This is a two-part series about two court decisions from the Ninth Circuit Court of Appeals regarding two commonly raised issues among bloggers of all varieties: taxes and free speech.
PART I: Blogging and Tax Write-Offs – this post covers the recent opinion from the 9th Circuit affirming the Tax Court’s denial of alleged business deductions of a part-time travel writer. (Oros v. Comm. of Internal Revenue, Case No. 12-71071 (9th Cir. 2013, Not for Publication)).
PART II: Blogging and the First Amendment – this post discusses another 9th Circuit opinion that places bloggers on level with traditional news journalists regarding First Amendment protections from defamation claims. (Obsidian Finance Group, LLC v. Cox, 740 F.3d 1284 (9th Cir., January 17, 2014).
See The World With Schedule C? Not So Fast!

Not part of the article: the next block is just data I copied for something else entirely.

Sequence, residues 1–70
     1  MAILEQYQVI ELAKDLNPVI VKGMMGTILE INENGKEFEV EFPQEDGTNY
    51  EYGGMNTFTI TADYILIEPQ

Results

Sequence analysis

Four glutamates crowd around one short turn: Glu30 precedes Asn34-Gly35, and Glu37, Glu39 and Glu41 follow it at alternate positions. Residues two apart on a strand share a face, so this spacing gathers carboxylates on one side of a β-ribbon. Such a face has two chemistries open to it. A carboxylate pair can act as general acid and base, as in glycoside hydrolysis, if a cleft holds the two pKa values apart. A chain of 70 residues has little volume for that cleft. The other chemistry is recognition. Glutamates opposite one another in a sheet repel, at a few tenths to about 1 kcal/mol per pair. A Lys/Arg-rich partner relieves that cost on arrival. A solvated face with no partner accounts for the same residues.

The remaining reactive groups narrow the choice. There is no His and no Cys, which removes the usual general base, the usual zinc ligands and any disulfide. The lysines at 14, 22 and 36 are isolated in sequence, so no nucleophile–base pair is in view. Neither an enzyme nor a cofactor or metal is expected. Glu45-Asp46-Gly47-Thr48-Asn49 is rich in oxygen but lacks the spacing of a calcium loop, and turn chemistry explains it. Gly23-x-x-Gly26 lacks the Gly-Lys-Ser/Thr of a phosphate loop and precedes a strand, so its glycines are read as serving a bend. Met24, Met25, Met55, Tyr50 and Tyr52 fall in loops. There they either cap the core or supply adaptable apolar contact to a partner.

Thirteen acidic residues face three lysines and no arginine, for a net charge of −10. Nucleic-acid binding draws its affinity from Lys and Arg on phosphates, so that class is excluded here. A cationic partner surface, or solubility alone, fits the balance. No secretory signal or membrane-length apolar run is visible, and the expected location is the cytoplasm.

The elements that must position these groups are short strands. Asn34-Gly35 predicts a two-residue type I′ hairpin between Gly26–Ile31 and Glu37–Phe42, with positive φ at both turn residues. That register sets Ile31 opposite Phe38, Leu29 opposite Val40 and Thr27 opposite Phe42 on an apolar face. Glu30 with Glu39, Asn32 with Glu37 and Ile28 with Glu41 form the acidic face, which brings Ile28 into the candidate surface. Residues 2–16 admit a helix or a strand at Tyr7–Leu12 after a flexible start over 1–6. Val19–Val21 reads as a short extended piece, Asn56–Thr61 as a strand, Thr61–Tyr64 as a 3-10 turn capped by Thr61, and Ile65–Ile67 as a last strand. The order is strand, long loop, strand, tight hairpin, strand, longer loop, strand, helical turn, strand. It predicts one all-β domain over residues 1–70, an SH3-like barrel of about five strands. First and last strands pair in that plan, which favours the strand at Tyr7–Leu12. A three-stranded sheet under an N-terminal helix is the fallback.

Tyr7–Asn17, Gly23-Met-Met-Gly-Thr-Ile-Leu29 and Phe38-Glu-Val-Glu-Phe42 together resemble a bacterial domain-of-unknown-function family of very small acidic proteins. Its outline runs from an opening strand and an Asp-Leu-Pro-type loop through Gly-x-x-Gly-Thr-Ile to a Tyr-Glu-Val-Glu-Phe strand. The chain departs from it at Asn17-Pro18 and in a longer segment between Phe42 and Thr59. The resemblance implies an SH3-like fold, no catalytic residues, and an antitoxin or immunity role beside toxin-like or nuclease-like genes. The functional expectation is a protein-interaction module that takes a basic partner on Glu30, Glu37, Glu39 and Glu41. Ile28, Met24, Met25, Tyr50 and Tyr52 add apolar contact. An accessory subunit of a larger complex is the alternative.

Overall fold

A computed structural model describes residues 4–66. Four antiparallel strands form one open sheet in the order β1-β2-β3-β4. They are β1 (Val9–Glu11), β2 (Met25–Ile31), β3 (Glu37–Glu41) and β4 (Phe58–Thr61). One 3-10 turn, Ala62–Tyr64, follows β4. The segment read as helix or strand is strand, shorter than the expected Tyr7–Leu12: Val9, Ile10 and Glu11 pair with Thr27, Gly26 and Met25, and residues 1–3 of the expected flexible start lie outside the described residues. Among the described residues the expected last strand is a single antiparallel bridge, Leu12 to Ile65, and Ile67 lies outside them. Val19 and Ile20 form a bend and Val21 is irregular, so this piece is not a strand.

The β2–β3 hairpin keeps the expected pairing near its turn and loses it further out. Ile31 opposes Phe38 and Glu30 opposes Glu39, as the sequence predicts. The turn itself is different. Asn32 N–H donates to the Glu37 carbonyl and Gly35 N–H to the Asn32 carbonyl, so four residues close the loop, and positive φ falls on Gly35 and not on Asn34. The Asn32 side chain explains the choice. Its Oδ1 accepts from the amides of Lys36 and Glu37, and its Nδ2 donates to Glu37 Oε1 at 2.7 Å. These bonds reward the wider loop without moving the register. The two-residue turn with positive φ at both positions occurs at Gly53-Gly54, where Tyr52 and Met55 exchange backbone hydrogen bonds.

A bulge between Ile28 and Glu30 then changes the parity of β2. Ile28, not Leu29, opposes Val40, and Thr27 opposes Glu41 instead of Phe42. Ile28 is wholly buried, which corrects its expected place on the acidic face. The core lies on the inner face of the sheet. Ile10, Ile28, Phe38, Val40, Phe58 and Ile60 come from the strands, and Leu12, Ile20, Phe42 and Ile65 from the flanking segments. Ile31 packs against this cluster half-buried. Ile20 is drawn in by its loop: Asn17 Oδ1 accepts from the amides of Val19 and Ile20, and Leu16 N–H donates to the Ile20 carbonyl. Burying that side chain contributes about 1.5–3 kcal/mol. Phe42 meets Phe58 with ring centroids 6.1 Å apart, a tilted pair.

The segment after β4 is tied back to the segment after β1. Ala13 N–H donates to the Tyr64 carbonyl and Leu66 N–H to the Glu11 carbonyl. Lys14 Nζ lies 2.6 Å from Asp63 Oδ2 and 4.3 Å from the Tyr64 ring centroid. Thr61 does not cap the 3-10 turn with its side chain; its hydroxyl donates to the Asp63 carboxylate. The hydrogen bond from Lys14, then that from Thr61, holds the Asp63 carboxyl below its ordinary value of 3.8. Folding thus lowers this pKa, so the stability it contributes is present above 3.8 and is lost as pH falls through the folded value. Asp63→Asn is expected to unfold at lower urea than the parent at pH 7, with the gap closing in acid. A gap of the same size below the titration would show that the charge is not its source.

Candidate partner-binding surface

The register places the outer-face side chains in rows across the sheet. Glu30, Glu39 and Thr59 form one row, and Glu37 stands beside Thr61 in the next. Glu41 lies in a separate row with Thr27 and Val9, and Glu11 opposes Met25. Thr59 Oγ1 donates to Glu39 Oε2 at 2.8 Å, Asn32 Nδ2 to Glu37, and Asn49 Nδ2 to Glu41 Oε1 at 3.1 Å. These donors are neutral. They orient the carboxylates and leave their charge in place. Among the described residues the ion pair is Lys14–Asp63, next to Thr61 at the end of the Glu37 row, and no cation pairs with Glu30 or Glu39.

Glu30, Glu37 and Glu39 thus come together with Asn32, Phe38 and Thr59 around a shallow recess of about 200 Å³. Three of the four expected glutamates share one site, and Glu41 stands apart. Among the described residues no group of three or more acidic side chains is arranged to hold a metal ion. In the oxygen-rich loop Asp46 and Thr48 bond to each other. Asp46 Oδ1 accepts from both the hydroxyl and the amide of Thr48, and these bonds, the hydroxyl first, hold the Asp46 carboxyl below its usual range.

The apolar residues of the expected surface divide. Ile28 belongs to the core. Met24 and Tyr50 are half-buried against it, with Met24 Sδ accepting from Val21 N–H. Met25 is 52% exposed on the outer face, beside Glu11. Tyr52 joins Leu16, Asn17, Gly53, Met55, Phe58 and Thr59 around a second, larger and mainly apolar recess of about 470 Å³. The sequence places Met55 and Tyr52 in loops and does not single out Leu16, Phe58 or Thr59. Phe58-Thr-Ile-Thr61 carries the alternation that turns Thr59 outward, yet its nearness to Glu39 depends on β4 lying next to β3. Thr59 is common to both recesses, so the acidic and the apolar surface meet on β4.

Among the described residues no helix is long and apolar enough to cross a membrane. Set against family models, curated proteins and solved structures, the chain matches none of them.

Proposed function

Meet Mike. On December 17, 2013, Mike’s tax appeal in the Ninth Circuit Court of Appeals ended. The IRS won. But Mike’s story starts years ago when Mike had an idea in 2006, the same year his personal federal income tax returns started to draw the attention of the IRS.
Like many travel writers and bloggers (maybe too many if you ask someone like TravelBloggerBuzz), Mike thought why not take his passion for travel and photography outside his day job (full-time at Intel) and turn it into a profit-making book on his visits to South America, Australia, Asia and Africa! And his travel expenses will be deductible business expenses! Brilliant, right?! A taxpayer may be entitled to deduct “all of the ordinary and necessary business expenses in carrying on a trade or business.”
According to court records, in late 2006 and into 2007, using vacation and sabbatical leave from Intel, Mike (with no prior writing or professional photography training; a B.S. and MBA in international business administration) set out to document his travel with photos (4,542 taken in 2006 alone, wow!) and writings (travel diary, etc.). To this end, he produced credit card receipts and statements from his trip, but without business and personal itemization.